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We don’t need Seaquist to improve democracy
At a campaign forum last year in Silverdale, state Rep. Larry Seaquist (D-Gig Harbor), in the midst of congratulating himself for having unsuccessfully opposed the Legislature’s vote that spring to suspend Initiative 960, made a curiously contradictory observation.
On the subject of ballot initiatives in general, Seaquist noted that he didn’t want Washington to go the way of California — which, he insisted, would be a pretty well-managed state if not for all the unnecessary ballot measures with which its lawmakers had to contend.
Given that the Golden State finds itself teetering on the brink of bankruptcy, thanks to the fiscal irresponsibility of its Democrat-dominated Assembly, one assumes a few voter-sponsored initiatives to limit spending might be just what the doctor ordered in Sacramento.
Just don’t count on Seaquist agreeing.
In fact, the 26th District representative inserted foot firmly in mouth once again this spring when he defended the Washington State Legislature’s most recent vote to gut Initiative 1053, which had reimposed the two-thirds majority requirement to raise taxes that was central to I-960.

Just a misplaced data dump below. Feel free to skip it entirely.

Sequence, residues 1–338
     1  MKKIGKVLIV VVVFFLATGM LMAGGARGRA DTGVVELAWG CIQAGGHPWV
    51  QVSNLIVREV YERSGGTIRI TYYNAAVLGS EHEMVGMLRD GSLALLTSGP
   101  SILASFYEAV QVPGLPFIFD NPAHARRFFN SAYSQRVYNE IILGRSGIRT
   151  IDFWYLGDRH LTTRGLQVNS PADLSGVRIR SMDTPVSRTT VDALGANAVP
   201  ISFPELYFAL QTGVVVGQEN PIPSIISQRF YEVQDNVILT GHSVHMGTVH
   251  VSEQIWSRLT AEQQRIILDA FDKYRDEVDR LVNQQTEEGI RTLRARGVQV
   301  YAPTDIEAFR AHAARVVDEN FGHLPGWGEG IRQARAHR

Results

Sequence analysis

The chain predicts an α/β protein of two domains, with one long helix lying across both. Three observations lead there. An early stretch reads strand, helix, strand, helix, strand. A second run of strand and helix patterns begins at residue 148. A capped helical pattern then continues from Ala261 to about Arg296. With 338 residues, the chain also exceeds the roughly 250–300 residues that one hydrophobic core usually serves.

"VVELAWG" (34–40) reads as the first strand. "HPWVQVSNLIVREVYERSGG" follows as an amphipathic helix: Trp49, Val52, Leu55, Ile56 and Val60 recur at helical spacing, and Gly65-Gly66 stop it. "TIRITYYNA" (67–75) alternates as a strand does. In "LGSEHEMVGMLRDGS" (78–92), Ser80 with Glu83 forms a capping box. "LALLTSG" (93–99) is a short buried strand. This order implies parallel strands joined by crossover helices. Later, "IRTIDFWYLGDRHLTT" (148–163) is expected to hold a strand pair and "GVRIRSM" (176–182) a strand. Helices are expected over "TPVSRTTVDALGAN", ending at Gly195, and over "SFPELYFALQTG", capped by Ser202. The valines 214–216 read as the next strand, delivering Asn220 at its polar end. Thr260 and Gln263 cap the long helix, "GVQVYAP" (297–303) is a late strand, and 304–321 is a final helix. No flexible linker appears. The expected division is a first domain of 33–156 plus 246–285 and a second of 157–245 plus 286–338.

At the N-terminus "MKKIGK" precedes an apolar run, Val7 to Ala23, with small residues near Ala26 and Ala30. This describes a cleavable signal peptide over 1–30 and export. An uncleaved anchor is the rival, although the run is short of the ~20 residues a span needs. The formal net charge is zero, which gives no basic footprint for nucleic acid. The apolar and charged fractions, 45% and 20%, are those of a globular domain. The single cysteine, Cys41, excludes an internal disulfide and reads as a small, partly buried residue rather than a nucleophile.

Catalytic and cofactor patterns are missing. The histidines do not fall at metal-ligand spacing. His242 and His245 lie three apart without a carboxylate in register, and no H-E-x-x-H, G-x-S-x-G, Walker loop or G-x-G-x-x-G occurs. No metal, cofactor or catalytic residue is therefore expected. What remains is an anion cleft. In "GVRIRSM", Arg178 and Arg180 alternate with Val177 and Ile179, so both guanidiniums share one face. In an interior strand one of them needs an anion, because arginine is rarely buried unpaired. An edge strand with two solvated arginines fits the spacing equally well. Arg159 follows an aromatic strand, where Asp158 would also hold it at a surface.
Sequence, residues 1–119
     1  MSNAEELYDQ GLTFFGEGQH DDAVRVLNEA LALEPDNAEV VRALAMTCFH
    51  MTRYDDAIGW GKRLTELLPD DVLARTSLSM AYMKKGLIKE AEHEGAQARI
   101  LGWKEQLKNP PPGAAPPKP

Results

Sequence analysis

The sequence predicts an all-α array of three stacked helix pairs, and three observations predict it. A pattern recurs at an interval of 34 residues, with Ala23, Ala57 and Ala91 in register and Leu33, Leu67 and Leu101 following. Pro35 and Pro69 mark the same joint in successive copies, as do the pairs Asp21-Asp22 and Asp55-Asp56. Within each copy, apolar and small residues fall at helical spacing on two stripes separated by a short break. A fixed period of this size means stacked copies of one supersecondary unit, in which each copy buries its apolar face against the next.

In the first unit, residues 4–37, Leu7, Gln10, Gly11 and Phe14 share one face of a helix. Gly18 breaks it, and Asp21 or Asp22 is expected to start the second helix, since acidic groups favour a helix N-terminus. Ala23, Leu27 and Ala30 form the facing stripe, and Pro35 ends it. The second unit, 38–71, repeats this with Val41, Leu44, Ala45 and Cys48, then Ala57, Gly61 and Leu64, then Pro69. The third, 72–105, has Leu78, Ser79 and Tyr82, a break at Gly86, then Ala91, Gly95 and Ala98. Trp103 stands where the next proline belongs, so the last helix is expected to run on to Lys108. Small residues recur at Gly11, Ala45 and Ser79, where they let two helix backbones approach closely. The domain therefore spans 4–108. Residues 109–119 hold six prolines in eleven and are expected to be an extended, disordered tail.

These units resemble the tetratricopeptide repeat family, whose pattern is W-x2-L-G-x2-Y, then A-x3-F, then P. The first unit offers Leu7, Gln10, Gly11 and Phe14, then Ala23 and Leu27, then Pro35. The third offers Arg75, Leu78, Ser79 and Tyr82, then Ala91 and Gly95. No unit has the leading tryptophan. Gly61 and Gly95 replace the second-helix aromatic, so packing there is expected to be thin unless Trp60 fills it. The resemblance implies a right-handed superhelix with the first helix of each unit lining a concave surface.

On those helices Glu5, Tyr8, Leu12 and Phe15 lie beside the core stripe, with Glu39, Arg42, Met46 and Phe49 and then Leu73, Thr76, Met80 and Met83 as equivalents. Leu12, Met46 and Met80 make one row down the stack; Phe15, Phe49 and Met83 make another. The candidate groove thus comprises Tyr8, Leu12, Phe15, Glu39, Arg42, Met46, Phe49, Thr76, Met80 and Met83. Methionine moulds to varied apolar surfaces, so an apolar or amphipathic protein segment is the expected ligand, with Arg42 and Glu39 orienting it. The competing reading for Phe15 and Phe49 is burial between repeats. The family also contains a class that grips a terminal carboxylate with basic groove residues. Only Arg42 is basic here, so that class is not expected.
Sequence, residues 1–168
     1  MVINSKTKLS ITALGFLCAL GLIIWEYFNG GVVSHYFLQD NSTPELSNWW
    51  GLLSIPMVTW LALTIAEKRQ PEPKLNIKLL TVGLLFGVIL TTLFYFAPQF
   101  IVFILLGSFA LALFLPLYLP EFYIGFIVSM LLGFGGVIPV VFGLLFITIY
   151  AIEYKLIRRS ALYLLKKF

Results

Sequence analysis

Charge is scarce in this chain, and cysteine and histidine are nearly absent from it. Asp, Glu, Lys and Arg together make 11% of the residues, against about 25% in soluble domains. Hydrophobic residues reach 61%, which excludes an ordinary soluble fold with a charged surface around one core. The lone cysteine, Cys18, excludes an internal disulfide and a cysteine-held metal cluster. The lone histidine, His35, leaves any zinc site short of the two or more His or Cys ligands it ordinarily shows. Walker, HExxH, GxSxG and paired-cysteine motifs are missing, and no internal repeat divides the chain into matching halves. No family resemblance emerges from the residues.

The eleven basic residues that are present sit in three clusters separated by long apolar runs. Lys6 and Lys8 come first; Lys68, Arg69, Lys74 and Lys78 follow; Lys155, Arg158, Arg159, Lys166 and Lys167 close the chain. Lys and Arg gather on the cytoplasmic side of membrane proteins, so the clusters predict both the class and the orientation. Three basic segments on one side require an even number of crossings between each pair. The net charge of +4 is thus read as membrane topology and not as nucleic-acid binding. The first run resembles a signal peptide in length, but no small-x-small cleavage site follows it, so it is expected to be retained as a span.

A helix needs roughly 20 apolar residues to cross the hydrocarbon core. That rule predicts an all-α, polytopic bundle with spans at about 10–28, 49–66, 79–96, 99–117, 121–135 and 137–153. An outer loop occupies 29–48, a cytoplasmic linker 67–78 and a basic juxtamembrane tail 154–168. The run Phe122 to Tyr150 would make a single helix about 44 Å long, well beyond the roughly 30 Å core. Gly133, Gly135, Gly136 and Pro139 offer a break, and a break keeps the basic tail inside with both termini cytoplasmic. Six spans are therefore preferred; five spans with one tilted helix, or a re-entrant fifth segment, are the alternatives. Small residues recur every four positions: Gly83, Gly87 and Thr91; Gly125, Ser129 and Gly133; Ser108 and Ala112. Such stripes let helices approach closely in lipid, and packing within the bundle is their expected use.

Seaquist’s aversion this time around was to the propostition that if a supermajority were needed to raise taxes and fees, by definition those increases could only be approved by elected representatives, not appointed bureaucrats.
Specifically, such a standard would allow the voters to hold lawmakers like Seaquist, rather than the faceless Department of Transportation, accountable when tolls on the Tacoma Narrows Bridge or fares on Washington State Ferries go up.
But accountability apparently offends Seaquist, who last month described passing the buck to bureaucrats as “better democracy.”
Here’s hoping the next time Seaquist’s name appears on a ballot — assuming it ever does — he finds himself on the receiving end of some good, old-fashioned democracy administered by the voters whose wisdom he apparently holds in such contempt.